Doreen Buxton and Christopher Charlton, 2013, £18
Paperback, 192 pages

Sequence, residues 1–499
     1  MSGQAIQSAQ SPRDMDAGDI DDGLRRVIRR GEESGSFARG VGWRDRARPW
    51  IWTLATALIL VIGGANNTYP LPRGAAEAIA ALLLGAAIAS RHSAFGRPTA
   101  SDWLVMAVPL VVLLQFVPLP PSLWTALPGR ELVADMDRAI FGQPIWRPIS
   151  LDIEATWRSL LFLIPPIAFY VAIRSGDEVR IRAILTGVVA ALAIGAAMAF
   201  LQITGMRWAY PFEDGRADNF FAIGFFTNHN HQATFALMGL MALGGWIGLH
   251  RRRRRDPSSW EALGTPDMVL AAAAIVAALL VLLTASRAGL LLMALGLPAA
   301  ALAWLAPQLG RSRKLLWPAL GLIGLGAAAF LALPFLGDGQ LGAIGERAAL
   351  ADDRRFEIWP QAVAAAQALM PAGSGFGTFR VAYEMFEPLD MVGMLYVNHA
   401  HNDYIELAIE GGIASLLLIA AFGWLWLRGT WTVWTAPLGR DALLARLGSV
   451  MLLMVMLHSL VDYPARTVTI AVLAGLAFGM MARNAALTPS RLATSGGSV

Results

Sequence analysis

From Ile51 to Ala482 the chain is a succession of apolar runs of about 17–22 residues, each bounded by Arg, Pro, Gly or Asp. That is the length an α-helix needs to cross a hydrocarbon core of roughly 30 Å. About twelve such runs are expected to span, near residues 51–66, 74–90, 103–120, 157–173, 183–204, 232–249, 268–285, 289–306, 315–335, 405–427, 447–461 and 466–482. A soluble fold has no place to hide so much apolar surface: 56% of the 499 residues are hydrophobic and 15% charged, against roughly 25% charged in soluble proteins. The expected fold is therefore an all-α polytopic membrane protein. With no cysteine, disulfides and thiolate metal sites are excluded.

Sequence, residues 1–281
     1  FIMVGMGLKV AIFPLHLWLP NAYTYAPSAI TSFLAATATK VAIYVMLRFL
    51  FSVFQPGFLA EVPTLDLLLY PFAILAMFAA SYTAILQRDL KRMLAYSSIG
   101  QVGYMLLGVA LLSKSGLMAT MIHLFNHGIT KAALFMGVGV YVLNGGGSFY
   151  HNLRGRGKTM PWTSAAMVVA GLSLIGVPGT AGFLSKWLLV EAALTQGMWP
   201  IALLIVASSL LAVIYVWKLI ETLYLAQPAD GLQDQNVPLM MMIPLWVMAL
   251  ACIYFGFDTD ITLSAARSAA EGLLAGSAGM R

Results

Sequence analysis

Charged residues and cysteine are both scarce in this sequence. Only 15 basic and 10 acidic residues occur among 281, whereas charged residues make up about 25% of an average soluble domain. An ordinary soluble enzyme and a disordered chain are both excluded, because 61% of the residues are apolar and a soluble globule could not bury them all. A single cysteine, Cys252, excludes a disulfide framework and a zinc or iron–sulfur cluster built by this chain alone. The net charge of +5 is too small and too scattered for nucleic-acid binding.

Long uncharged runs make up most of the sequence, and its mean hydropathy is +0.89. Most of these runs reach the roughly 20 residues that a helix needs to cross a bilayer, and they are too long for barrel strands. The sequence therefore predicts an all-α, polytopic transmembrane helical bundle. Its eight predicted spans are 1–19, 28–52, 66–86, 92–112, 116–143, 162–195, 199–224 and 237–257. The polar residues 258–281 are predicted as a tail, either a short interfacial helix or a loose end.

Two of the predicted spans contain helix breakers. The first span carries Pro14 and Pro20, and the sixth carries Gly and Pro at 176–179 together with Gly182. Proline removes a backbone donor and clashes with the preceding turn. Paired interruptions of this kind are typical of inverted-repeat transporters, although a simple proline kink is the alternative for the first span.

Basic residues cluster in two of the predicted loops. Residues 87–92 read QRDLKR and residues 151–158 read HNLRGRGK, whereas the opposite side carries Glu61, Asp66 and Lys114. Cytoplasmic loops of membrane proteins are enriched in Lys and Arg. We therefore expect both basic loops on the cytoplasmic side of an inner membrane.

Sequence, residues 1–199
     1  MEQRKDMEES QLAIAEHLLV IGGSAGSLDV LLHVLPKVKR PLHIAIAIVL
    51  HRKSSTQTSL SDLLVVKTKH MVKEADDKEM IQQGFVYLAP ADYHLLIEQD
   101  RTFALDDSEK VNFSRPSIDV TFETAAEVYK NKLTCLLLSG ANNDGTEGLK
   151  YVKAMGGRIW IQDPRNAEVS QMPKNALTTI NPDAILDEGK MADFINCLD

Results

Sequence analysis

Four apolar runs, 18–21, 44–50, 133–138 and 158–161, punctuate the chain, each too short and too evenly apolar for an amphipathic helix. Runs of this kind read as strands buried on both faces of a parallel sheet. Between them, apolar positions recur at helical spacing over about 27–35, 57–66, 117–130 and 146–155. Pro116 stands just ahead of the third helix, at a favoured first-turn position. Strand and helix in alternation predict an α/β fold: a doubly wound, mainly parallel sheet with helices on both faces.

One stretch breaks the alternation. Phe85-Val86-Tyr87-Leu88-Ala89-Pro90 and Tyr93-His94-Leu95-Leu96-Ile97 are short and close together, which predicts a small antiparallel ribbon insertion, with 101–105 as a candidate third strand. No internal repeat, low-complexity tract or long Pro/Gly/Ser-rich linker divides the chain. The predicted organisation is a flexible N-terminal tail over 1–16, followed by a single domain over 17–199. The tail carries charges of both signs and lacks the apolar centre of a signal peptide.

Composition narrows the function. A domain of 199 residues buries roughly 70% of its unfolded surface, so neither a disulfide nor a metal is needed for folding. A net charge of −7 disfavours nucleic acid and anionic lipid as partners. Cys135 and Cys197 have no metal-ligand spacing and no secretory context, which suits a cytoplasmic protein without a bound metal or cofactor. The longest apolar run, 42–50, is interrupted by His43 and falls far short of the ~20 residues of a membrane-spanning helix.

This new study of Cromford, the Arkwright family’s factory village, uses water-colours, drawings and photographs and previously unexplored archive material, to present an authoritative account of the origins and growth of this iconic settlement. By about 1850 the village had reached more or less its modern form, the work of three generations of Arkwright squires. Here the reader will find descriptions of many of the village’s key features: the several mills and their watercourses; Willersley Castle, the Arkwright mansion; Cromford Church; Cromford Canal Wharf, and the village schools. The authors also depict life in this paternalist community and when it came to an end, the struggles and deprivations of the inter war years. The book concludes with the discovery of Cromford as a heritage destination following the celebration in 1971 of the bicentenary of Sir Richard’s first Cromford Mill and the subsequent inscription of the Derwent Valley Mills World Heritage Site in 2001.
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